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Experimental visualization of the diffusion pathway of sodium ions in the Na 3 [Ti 2 P 2 O 10 F] anode for sodium-ion battery

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ABSTRACT

Sodium-ion batteries have attracted considerable interest as an alternative to lithium-ion batteries for electric storage applications because of the low cost and natural abundance of sodium resources. The materials with an open framework are highly desired for Na-ion insertion/extraction. Here we report on the first visualization of the sodium-ion diffusion path in Na3[Ti2P2O10F] through high-temperature neutron powder diffraction experiments. The evolution of the Na-ion displacements of Na3[Ti2P2O10F] was investigated with high-temperature neutron diffraction (HTND) from room temperature to 600°C; difference Fourier maps were utilized to estimate the Na nuclear-density distribution. Temperature-driven Na displacements indicates that sodium-ion diffusion paths are established within the ab plane. As an anode for sodium-ion batteries, Na3[Ti2P2O10F] exhibits a reversible capacity of ~100 mAh g−1 with lower intercalation voltage. It also shows good cycling stability and rate capability, making it promising applications in sodium-ion batteries.

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(a) Enhanced anisotropic motion of Na atoms at 600°C, with the major axis of the ellipsoids (90% probability) along the diagonals of the unit cell. (b) ab projection suggesting the jumping path of Na+ ions to neighboring unit cells from partially occupied 8h sites.
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f5: (a) Enhanced anisotropic motion of Na atoms at 600°C, with the major axis of the ellipsoids (90% probability) along the diagonals of the unit cell. (b) ab projection suggesting the jumping path of Na+ ions to neighboring unit cells from partially occupied 8h sites.

Mentions: Furthermore, at higher temperatures the Na displacement factors become very anisotropic, as shown in Figure 5. Looking at one ab layer, we see that the Na ellipsoids are elongated along the unit-cell diagonals, suggesting that a jump from Na sites at adjacent unit cells is possible, thus allowing the 2D motion. They jump though a wide window formed by two F− ions very far apart (≈6.4 Å), so the potential barrier to prevent this jump is very low. Based on the NPD results, we propose that the sodium ion diffusion paths may follow a trajectory through the ab plane, as shown in Figure 5b.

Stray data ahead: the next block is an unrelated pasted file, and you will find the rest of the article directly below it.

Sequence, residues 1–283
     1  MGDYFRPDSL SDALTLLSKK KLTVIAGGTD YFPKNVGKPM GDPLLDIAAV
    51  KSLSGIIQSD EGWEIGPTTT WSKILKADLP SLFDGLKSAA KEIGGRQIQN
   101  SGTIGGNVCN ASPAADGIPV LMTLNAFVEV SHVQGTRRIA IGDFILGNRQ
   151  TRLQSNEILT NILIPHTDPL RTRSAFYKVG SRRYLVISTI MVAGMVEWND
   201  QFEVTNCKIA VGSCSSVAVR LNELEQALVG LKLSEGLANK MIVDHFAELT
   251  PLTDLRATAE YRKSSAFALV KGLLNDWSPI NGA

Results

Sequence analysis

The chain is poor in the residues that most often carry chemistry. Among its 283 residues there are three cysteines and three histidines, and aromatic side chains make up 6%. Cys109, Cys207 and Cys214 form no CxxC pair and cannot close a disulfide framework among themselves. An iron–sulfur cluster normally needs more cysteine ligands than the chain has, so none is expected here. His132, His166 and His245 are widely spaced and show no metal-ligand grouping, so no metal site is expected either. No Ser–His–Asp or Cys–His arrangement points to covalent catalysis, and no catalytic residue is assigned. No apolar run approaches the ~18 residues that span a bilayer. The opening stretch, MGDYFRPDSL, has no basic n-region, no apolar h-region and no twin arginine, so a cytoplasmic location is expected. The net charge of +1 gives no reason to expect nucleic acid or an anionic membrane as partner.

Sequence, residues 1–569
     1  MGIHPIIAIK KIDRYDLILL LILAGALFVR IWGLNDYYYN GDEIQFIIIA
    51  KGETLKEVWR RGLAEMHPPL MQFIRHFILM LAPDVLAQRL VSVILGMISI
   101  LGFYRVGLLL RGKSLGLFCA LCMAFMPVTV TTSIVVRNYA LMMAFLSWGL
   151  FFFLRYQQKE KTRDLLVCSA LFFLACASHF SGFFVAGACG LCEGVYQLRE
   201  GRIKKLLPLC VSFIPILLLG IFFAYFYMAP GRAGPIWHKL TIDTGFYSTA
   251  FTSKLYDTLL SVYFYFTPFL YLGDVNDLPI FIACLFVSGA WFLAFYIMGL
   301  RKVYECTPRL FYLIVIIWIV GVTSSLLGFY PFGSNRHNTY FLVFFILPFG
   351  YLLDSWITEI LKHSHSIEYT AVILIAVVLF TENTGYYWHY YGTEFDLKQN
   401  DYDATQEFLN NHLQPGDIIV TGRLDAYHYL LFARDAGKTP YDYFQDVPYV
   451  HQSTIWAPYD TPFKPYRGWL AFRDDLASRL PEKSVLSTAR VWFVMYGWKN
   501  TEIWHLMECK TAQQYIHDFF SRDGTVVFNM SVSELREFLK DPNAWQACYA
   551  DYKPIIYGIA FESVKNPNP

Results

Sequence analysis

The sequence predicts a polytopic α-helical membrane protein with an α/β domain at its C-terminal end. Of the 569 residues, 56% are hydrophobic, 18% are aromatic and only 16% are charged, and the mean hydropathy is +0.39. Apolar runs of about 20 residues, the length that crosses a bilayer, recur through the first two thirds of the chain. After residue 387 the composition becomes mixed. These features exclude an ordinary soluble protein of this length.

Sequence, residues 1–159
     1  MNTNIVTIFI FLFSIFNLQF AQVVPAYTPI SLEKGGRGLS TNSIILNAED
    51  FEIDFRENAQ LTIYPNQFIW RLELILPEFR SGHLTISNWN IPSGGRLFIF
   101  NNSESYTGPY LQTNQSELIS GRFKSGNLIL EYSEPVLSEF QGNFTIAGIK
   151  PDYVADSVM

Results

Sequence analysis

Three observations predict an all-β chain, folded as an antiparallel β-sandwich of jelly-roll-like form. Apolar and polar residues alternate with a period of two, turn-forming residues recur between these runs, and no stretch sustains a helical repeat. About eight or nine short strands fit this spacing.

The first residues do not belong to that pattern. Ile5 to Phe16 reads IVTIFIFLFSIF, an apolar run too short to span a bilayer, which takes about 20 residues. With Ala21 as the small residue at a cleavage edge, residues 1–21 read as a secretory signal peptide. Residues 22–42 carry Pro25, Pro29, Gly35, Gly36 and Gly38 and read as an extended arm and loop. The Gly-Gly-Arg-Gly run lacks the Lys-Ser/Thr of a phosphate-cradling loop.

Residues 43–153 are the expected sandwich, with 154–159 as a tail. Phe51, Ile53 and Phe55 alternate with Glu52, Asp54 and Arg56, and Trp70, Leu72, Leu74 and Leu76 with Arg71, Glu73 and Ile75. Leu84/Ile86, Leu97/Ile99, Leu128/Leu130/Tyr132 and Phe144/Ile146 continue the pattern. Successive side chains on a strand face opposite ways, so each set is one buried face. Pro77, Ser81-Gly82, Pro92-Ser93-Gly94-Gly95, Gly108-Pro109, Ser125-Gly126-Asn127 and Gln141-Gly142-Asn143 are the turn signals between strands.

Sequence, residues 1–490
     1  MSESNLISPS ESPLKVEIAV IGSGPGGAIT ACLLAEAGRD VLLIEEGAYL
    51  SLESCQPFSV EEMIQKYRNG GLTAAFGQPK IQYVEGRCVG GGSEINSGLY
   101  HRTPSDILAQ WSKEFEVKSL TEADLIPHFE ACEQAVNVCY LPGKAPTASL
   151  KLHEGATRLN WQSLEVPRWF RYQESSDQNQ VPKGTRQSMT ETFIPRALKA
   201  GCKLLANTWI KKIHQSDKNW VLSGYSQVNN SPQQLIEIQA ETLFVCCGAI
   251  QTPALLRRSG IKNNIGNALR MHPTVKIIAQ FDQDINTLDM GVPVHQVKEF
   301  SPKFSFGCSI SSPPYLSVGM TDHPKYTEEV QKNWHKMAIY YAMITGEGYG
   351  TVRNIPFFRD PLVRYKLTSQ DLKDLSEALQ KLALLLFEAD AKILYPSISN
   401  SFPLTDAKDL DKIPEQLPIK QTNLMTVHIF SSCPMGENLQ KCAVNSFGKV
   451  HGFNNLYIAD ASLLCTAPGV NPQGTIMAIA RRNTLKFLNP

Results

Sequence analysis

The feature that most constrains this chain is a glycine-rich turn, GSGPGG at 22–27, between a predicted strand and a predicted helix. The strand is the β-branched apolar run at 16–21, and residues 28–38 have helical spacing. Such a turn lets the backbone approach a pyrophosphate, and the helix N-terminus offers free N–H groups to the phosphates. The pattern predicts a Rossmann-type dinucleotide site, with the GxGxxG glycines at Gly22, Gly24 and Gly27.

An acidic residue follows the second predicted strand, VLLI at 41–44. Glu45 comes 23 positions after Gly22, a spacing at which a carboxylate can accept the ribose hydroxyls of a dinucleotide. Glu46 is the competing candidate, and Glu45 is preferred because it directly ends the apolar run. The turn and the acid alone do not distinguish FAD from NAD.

Experimental visualization of the diffusion pathway of sodium ions in the Na 3 [Ti 2 P 2 O 10 F] anode for sodium-ion battery
(a) Enhanced anisotropic motion of Na atoms at 600°C, with the major axis of the ellipsoids (90% probability) along the diagonals of the unit cell. (b) ab projection suggesting the jumping path of Na+ ions to neighboring unit cells from partially occupied 8h sites.
© Copyright Policy - open-access
Related In: Results  -  Collection

License
Show All Figures
getmorefigures.php?uid=PMC5384114&req=5

f5: (a) Enhanced anisotropic motion of Na atoms at 600°C, with the major axis of the ellipsoids (90% probability) along the diagonals of the unit cell. (b) ab projection suggesting the jumping path of Na+ ions to neighboring unit cells from partially occupied 8h sites.
Mentions: Furthermore, at higher temperatures the Na displacement factors become very anisotropic, as shown in Figure 5. Looking at one ab layer, we see that the Na ellipsoids are elongated along the unit-cell diagonals, suggesting that a jump from Na sites at adjacent unit cells is possible, thus allowing the 2D motion. They jump though a wide window formed by two F− ions very far apart (≈6.4 Å), so the potential barrier to prevent this jump is very low. Based on the NPD results, we propose that the sodium ion diffusion paths may follow a trajectory through the ab plane, as shown in Figure 5b.

View Article: PubMed Central - PubMed

ABSTRACT

Sodium-ion batteries have attracted considerable interest as an alternative to lithium-ion batteries for electric storage applications because of the low cost and natural abundance of sodium resources. The materials with an open framework are highly desired for Na-ion insertion/extraction. Here we report on the first visualization of the sodium-ion diffusion path in Na3[Ti2P2O10F] through high-temperature neutron powder diffraction experiments. The evolution of the Na-ion displacements of Na3[Ti2P2O10F] was investigated with high-temperature neutron diffraction (HTND) from room temperature to 600°C; difference Fourier maps were utilized to estimate the Na nuclear-density distribution. Temperature-driven Na displacements indicates that sodium-ion diffusion paths are established within the ab plane. As an anode for sodium-ion batteries, Na3[Ti2P2O10F] exhibits a reversible capacity of ~100 mAh g−1 with lower intercalation voltage. It also shows good cycling stability and rate capability, making it promising applications in sodium-ion batteries.

No MeSH data available.


Related in: MedlinePlus